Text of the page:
Who has your back? As a business owner, doing everything is difficult. The ability to rely on employees is critical. In this post, I am reflecting on how some employees are better than others at thinking of the boss’ or company’s best interest. Those who don’t think about the boss, or the company, are a detriment to the organization. As employers, Melissa and I have to depend on the employees not only to do their jobs, but to help us do ours. They need to be our eyes and ears because part of our job keeps us on the road, and focusing on many things. Simple examples of this are keeping up with the mail or messages. Obviously, I’m talking about employees who have earned our trust, but having someone keep up with the mail, alerting us to new cases (which one client often initiated by sending us letters), billing due dates or telephone messages. We’ve had many other things that employees have been in the position to “field” like a baseball player catching a fly ball. On research days, there are many, many factors at play. Relaying information about mock jurors, questions from clients, or issues with a facility (meals, the room temperature, audio/visual equipment) is essential. Sharing the information with us, as the bosses, is important. Being kept in the dark is not what we need. Most employees who have made it past their probationary period seem to have that ability. Those who don’t see this as a part of their job need to work elsewhere. And, those who have intentionally sabotaged the working relationship are beyond redemption.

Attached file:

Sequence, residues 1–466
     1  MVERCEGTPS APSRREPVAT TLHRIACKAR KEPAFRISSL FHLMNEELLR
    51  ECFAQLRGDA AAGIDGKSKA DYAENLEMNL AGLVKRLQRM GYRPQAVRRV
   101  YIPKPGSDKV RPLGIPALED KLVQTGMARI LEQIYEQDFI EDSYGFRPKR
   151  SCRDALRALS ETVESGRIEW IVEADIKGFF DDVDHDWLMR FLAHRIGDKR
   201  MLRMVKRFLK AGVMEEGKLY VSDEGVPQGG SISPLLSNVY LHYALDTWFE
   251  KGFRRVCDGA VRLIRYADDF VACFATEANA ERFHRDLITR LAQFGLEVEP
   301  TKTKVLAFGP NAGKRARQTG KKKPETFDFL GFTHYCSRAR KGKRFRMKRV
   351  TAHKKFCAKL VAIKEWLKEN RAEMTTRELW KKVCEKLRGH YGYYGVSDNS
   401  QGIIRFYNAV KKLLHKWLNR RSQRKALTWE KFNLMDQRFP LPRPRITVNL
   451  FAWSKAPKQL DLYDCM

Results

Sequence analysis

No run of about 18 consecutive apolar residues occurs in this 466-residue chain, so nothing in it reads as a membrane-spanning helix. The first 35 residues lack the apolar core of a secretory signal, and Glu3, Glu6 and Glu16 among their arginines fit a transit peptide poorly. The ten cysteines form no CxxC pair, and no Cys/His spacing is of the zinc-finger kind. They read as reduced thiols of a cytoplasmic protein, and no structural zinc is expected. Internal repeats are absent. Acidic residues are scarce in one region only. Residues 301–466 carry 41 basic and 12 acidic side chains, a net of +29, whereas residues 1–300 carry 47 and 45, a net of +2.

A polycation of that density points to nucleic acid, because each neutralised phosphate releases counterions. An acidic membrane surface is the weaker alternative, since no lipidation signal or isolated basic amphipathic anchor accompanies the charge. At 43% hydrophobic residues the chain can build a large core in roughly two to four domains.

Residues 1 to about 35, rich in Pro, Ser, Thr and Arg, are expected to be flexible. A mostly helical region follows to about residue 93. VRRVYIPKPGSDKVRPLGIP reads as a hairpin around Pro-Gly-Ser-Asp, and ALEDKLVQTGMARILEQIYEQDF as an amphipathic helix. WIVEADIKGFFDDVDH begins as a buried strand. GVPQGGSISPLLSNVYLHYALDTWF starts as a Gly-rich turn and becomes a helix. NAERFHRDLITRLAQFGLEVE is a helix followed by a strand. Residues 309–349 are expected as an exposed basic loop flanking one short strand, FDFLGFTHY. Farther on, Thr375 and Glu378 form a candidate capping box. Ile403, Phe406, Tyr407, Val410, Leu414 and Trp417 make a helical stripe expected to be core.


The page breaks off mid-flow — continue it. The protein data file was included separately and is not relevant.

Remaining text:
I need help. I need a lot of help. In my job as a trial/jury consultant, it is impossible for me to function independently, without assistance from numerous other people. Although I have considerable expertise, and years of experience, performing my primary job duties, I rely on David, and our employees, to assist me with many tasks. Writing a survey for a client’s project is an example. In order for me to write a survey for the mock jurors to complete as part of a client’s research program, someone from Magnus (other than me) must first request case documents from the client. Someone then downloads the documents from our portal into a secure place where I read them on my iPad. After reading the client’s documents, I write the survey, using a template to inform another employee of how to place it into the proper format. This employee then formats the survey, sends it to me for approval, after which it is edited, as necessary. Upon completion of these tasks, another employee prepares the surveys for completion by the mock jurors. This example pertains to one of many aspects of my work. We, at Magnus, use a team approach for almost all our work. In order to function as the team captain, I must be confident that everyone who works in a support role truly has my, and our clients’, best interests in mind while performing every task to which they are assigned. Without a commitment to excellence on the part of all team members, it would not be possible to provide valuable assistance to our clients.